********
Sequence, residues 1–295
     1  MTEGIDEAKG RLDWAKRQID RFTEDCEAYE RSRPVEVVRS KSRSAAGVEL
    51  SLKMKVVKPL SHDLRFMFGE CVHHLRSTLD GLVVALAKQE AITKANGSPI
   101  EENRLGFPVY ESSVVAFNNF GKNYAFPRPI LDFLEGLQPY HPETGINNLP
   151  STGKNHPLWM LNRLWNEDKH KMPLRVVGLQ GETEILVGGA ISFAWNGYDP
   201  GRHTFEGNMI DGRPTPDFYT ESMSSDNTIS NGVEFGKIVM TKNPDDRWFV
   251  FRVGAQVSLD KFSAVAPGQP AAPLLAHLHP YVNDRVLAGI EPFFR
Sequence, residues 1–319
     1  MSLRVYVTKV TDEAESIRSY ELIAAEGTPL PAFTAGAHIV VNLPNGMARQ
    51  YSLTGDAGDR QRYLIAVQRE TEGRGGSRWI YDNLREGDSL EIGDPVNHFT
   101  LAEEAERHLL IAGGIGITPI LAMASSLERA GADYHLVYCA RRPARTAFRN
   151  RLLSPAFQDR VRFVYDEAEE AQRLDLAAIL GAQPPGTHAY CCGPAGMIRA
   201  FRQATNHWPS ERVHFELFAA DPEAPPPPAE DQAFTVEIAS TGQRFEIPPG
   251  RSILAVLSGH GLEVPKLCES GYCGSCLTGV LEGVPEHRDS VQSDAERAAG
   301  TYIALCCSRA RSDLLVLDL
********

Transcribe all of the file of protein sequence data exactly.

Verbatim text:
Sequence, residues 1–295
     1  MTEGIDEAKG RLDWAKRQID RFTEDCEAYE RSRPVEVVRS KSRSAAGVEL
    51  SLKMKVVKPL SHDLRFMFGE CVHHLRSTLD GLVVALAKQE AITKANGSPI
   101  EENRLGFPVY ESSVVAFNNF GKNYAFPRPI LDFLEGLQPY HPETGINNLP
   151  STGKNHPLWM LNRLWNEDKH KMPLRVVGLQ GETEILVGGA ISFAWNGYDP
   201  GRHTFEGNMI DGRPTPDFYT ESMSSDNTIS NGVEFGKIVM TKNPDDRWFV
   251  FRVGAQVSLD KFSAVAPGQP AAPLLAHLHP YVNDRVLAGI EPFFR
Sequence, residues 1–319
     1  MSLRVYVTKV TDEAESIRSY ELIAAEGTPL PAFTAGAHIV VNLPNGMARQ
    51  YSLTGDAGDR QRYLIAVQRE TEGRGGSRWI YDNLREGDSL EIGDPVNHFT
   101  LAEEAERHLL IAGGIGITPI LAMASSLERA GADYHLVYCA RRPARTAFRN
   151  RLLSPAFQDR VRFVYDEAEE AQRLDLAAIL GAQPPGTHAY CCGPAGMIRA
   201  FRQATNHWPS ERVHFELFAA DPEAPPPPAE DQAFTVEIAS TGQRFEIPPG
   251  RSILAVLSGH GLEVPKLCES GYCGSCLTGV LEGVPEHRDS VQSDAERAAG
   301  TYIALCCSRA RSDLLVLDL